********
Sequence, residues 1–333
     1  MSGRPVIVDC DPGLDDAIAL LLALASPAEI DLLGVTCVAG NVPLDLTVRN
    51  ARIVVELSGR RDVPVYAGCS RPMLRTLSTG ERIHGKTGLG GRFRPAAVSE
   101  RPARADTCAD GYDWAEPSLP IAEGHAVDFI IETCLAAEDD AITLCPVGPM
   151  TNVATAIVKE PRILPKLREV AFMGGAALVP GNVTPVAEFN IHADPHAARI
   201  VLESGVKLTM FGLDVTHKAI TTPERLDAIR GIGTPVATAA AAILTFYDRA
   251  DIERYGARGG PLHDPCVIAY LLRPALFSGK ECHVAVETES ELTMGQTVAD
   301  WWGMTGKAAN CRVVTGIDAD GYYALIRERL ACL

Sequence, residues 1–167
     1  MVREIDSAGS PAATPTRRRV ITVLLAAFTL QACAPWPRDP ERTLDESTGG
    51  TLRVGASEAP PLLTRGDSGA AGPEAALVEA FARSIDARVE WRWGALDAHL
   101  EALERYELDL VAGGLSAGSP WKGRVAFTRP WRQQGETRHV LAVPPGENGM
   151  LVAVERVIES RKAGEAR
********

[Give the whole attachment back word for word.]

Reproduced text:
Sequence, residues 1–333
     1  MSGRPVIVDC DPGLDDAIAL LLALASPAEI DLLGVTCVAG NVPLDLTVRN
    51  ARIVVELSGR RDVPVYAGCS RPMLRTLSTG ERIHGKTGLG GRFRPAAVSE
   101  RPARADTCAD GYDWAEPSLP IAEGHAVDFI IETCLAAEDD AITLCPVGPM
   151  TNVATAIVKE PRILPKLREV AFMGGAALVP GNVTPVAEFN IHADPHAARI
   201  VLESGVKLTM FGLDVTHKAI TTPERLDAIR GIGTPVATAA AAILTFYDRA
   251  DIERYGARGG PLHDPCVIAY LLRPALFSGK ECHVAVETES ELTMGQTVAD
   301  WWGMTGKAAN CRVVTGIDAD GYYALIRERL ACL

Sequence, residues 1–167
     1  MVREIDSAGS PAATPTRRRV ITVLLAAFTL QACAPWPRDP ERTLDESTGG
    51  TLRVGASEAP PLLTRGDSGA AGPEAALVEA FARSIDARVE WRWGALDAHL
   101  EALERYELDL VAGGLSAGSP WKGRVAFTRP WRQQGETRHV LAVPPGENGM
   151  LVAVERVIES RKAGEAR